Roger disappeared into the depths of the basement. A few minutes later he returned with the tools. Stan was already in the den with the step stool in position. "Stan, do and turn off the breaker switch will ya? It should say den or small bedroom or office something like that. You should be able to figure it out. Pick one."

"One what?" Stan almost wished he had called an electrician. Roger always got so short with him when they worked on a project together.

Roger grunted. "Funny Stan. Real funny."

Now Stan was becoming irritated but he held his tongue and slipped into the pantry just off the kitchen.
Once inside he opened the cover plate on the breaker panel.
Speaking loudly he called out to Roger-
"Geeze Rodge, this panel should have been marked better when we had that wiring done last spring.
I can barely read the handwriting. I'm not sure what some of it says!"

"Will you just pick one and forget about last spring!" 
Roger was not happy and Stan could hear it in his voice. He was about to reply but decided to hold his reprisal and just make a choice as Roger had directed.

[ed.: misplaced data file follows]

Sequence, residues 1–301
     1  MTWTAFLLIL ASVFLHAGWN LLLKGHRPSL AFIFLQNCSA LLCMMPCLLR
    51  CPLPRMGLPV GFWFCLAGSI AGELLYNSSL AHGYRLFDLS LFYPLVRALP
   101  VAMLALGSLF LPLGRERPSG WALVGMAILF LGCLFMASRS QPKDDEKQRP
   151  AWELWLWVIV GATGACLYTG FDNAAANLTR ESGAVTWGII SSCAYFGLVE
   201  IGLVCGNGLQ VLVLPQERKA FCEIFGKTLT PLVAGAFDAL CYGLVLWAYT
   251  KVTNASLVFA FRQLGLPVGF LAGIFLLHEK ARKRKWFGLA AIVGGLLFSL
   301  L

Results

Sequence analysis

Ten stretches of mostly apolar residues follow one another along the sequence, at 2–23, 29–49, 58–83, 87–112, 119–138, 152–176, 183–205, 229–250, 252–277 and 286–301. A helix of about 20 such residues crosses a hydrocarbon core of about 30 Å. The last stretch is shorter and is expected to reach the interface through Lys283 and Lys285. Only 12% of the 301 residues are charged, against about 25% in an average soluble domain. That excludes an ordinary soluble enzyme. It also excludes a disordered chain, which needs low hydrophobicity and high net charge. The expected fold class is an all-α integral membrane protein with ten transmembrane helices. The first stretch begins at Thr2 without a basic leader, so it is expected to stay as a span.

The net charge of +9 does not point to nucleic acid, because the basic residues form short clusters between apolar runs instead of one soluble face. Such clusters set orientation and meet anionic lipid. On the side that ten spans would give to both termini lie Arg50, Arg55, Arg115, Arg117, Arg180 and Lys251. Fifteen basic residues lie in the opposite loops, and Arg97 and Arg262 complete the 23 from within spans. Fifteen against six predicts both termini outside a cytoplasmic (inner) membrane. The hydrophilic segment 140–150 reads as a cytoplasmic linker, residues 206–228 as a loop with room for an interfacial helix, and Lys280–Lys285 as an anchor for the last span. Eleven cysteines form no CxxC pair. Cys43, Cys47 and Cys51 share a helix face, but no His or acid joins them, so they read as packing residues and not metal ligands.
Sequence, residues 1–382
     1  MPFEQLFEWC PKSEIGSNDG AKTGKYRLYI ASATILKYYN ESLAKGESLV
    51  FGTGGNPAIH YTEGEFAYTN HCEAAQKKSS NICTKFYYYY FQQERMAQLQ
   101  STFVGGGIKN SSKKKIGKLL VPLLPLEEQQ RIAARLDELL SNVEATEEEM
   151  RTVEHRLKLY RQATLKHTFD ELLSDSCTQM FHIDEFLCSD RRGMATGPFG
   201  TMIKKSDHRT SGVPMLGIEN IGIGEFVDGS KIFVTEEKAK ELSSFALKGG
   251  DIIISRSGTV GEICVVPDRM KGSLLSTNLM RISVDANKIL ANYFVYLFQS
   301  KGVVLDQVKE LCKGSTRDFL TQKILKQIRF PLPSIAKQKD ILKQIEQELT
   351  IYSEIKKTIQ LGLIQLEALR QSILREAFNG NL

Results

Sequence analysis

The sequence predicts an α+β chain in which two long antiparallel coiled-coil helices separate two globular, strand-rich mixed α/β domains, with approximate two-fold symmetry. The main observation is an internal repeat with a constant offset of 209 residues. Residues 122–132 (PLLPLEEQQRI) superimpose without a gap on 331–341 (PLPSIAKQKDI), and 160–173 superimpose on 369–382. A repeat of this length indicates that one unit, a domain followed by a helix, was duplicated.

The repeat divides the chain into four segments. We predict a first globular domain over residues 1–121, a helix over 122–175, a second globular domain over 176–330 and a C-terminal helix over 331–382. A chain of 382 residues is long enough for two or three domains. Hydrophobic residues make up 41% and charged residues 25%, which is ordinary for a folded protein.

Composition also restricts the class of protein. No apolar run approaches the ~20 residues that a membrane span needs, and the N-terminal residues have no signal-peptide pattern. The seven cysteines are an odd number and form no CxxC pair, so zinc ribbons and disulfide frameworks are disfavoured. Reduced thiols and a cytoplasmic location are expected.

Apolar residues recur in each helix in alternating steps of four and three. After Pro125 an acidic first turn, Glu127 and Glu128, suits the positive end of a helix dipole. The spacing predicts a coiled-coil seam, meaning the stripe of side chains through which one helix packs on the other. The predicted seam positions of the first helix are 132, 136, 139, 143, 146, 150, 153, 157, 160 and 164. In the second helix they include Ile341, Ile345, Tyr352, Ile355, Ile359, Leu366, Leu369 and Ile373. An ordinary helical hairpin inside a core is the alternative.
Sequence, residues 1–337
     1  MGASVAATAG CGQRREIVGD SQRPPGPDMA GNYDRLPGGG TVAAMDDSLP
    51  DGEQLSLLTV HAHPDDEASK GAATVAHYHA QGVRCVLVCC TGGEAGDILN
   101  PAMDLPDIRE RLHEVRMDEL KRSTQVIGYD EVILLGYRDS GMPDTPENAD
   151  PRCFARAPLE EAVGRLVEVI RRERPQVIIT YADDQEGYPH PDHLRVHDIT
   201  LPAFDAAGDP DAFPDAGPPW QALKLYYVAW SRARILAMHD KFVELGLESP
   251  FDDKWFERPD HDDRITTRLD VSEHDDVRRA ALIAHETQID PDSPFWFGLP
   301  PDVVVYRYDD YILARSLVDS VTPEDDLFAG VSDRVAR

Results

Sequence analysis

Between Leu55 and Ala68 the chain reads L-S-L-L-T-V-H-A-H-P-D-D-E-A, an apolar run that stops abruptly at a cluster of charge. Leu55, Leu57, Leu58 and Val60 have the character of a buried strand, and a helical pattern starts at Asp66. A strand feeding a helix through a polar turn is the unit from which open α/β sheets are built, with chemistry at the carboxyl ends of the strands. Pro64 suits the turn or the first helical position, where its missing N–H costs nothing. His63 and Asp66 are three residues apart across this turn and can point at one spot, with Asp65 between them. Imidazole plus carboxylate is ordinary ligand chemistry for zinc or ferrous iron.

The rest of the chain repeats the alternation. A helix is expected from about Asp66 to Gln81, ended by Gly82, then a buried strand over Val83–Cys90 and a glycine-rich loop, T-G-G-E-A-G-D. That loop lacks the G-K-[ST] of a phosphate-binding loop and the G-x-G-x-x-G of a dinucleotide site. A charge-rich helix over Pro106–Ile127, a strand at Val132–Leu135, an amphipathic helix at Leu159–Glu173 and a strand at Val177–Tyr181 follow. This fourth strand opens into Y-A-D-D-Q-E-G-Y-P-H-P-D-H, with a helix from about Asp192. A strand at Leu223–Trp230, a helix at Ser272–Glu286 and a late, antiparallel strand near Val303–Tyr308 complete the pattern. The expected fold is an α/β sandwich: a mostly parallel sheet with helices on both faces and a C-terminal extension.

Flick. The breaker clicked off.

"Have you done it?" yelled Roger from the Den.

"Yes, I think so." Stan closed the pantry door and walked back to the den to find Roger on top of the step stool. He had removed the old fixture from the ceiling and was about to take apart the wires.

Roger look down at Stan- "You have it turned off Stan. The breaker that says Den? Did you do what I asked?"

"For fuck sake Roger. Yes. Yes. Yes!!" Stan was raising his voice at this point. "I turned off the goddamned breaker switch. Just once can't you fucking well trust what I am doing? The switch is not on. It's off. Happy? Check it yourself if you don't trust me!"

Roger shrugged his shoulders, ignoring Stan as usual and reached up to untwist the wires that gave juice to the old fixture."


Roger screamed and fell from the step ladder to the floor below, landing at Stan's feet.

Roger's memorial service is the first Tuesday of next month.